“…putting together light and dark, opposites, and things you don’t necessarily think go together” – Kerli Koiv, creator of the BubbleGoth term and insanely fashionable singer/songwriter.
Bubblegoth is geeky because, at its essence it is unique. It draws upon themes not often explored by your average fashionista. I’m talking major influences of Japanese culture, Lolita styles and cosplay combined with heavy metal aspects, dark gothic features, neon raver type ideas, Marie Antoinette held up against industrial thrash. Are you getting the idea? It may all sound a little extreme, but BubbleGoth goes hand in hand with the everyday too.
I’ve picked out a few key accessories. For me, these things really represent the Bubblegoth style.
High soled shoes are a BubbleGoth must. These are found most popularly on Ebay, however Converse are making their own wedged classics. They are calling these bad boys Max Stars. If you’re feeling more ‘bubble’ than ‘goth’, you can purchase these beauties in arrange of pastel colours!
Again, delving into the delights of Ebay, we have the Japanese influence shining through with this cute as heck panda handbag. These also come in plush versions, although some people might find ripping open a teddy and stuffing it with their daily needs a little sinister, but: that’s the idea!
Anything that you can spot that is potentially a symbol of darkness or y’know, something transgressive but drenched in pastel paint, is always a good BubbleGoth idea. For example, a miniaturised, mint green AK47 to wear as a ring, or a lemon yellow skull necklace (both of which do exist and are googleable). It’s all about teaming up opposing themes.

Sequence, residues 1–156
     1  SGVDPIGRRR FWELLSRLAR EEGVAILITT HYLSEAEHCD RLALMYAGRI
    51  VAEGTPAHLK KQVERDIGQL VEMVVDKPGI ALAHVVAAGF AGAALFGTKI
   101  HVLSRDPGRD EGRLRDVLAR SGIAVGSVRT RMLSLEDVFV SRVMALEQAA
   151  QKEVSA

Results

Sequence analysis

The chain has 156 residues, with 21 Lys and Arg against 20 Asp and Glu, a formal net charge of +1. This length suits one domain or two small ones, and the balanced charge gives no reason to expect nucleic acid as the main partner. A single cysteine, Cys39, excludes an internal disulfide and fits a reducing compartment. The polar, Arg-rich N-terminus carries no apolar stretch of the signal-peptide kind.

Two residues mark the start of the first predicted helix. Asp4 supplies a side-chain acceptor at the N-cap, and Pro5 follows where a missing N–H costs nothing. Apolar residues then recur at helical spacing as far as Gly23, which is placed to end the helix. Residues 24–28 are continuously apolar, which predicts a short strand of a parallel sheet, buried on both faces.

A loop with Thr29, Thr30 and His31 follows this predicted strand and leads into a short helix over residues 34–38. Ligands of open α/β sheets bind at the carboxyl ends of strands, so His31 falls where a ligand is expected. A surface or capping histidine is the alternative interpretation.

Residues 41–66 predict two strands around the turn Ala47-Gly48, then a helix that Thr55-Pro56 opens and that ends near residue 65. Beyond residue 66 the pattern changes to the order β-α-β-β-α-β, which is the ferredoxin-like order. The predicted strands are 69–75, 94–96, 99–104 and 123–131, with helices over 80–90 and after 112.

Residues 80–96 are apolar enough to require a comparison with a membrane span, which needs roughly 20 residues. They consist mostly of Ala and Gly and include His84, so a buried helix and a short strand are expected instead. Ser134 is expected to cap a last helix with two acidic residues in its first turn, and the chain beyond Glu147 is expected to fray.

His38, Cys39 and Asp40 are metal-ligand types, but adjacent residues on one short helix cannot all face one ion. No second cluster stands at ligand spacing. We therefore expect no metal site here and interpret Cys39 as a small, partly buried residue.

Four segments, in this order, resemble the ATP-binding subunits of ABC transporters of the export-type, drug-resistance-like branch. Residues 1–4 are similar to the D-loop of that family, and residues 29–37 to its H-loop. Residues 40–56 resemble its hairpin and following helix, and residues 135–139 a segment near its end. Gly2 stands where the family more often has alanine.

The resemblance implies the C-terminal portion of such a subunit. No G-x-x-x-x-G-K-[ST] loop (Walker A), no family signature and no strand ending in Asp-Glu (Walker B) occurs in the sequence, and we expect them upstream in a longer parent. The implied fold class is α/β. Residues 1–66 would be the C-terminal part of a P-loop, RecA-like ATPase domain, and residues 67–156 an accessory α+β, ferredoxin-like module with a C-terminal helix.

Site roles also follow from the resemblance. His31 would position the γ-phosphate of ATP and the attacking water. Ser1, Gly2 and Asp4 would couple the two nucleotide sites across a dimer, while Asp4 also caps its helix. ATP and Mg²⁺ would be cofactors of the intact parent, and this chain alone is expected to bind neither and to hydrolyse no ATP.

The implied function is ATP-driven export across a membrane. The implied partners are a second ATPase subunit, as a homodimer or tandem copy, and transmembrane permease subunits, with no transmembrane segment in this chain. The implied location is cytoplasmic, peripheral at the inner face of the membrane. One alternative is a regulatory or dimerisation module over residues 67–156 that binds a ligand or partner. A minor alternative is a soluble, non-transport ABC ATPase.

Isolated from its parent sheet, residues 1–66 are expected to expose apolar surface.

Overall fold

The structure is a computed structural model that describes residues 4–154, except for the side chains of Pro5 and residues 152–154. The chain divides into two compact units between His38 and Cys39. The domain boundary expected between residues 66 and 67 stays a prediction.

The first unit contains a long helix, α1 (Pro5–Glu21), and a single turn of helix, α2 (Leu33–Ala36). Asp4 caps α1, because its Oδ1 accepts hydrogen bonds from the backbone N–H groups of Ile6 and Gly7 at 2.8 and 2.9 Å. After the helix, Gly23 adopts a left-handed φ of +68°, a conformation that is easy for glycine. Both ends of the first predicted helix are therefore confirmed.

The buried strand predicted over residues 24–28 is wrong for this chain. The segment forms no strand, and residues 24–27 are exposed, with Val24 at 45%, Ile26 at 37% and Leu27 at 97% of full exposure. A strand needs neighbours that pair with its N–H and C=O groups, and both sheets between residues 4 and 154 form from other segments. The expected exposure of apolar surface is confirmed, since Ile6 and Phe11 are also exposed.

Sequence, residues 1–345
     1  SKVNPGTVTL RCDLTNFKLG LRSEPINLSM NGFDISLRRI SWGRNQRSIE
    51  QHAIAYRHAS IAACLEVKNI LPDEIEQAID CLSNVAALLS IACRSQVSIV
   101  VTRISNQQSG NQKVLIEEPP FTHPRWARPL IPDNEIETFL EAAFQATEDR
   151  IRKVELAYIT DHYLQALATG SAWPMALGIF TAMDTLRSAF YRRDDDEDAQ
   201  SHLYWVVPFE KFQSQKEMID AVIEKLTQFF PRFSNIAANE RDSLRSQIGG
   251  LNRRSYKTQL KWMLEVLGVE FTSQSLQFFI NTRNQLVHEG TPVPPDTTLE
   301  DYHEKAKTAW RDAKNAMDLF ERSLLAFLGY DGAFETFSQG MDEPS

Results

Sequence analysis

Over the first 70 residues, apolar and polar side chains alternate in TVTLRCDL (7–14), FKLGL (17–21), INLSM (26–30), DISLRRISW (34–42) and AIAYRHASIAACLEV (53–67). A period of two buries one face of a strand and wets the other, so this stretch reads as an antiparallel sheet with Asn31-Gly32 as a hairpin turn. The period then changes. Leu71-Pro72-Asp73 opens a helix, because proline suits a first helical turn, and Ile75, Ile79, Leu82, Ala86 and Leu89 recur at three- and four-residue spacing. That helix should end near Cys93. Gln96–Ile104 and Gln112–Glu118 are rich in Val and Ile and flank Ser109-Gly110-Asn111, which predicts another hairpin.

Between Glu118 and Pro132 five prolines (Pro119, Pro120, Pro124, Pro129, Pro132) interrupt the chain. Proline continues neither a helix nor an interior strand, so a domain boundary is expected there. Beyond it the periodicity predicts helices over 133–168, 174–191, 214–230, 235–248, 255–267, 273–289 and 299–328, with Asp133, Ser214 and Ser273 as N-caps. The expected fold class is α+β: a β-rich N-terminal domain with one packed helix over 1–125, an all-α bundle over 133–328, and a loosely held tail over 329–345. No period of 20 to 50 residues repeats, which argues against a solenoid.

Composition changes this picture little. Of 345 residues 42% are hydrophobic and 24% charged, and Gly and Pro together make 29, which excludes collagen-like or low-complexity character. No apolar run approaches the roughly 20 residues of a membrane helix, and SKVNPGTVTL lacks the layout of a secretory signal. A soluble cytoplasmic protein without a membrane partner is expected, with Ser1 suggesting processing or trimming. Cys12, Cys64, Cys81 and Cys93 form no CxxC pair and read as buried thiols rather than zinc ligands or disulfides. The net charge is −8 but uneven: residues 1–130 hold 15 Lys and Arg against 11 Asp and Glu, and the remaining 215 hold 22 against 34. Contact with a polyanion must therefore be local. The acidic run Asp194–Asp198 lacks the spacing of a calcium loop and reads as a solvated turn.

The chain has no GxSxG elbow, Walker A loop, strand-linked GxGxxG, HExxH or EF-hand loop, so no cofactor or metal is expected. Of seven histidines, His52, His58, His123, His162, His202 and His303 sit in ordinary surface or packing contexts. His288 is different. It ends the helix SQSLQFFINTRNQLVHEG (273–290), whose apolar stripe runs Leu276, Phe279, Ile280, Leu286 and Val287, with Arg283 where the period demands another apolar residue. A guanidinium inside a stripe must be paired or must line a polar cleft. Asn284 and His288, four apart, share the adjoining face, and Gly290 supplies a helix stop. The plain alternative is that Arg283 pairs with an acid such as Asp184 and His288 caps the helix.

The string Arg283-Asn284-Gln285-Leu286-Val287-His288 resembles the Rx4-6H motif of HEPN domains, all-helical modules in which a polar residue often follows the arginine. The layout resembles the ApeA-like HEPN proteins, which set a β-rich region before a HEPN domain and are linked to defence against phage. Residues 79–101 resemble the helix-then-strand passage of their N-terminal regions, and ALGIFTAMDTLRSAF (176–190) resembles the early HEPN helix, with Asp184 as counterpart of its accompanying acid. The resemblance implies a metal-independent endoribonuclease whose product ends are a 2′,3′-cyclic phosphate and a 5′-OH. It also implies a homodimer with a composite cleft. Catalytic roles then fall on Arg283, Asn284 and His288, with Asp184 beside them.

This gorgeous fascinator can be found at
Kiss My Cherry and comes in many different colours and styles. Fascinators are a brilliant touch to an otherwise plain outfit, and teaming up the dark pirate skull and crossbones with a pretty polka-dot bow makes it extra Bubblegoth.
Here are some hair tutorials that you can adopt into your every day fashion, and some to use if you are going on a night out or to a festival.
Adding BubbleGoth to your outfit…
In terms of entire outfits, here are some of the prominent BubbleGoth influences that you can mix and match at your leisure. Try adding a few of these to your regular wardrobe.
Japanese Influence: Lolita pigtails, Lolita dresses, lace socks, parasols
Heavy Metal Influence: Band tees teamed with soft accessories, patches on pastel denim, spiked jewellery
Renaissance Influence: Tall hair, lace gloves, exaggerated make up, corsets
Dark Goth Influence: Leather corsets, dark make up, spikes, PVC, long coats, black, whole finger rings
Rave Influence: hair springs, false dreadlocks, neon coloured tops, lights in clothes, white, tutus
Industrial Influence: metallic looking clothing, contact lenses, scaffold piercings, high soled shoes
I hope this weeks issue of Geek Street has indeed been geeky enough. Many of the things I have listed above need not cost you the earth. I firmly believe in making/creating as many of your own outfits as possible, and by stitching, glueing, adding, ripping and dyeing your own stuff, you can truly put your own stamp upon your wardrobe, meaning nobody out there will have anything like what you’ve created.
So go ahead, buy some cheap key ingredients on Ebay, (like the Kanekalon false hair to make your own neon dreads, the lace for your rhinestone studded gloves, the Black PVC corset to wear underneath your pretty knitted pastel cardie…) and get creative. Don’t forget… BubbleGoth isn’t just about finding cultural clues to add to your wardrobe, it’s about taking polar opposites and holding them up against each other. Wear your hair like they did in the French Revolution, but make sure you wear your silver leggings.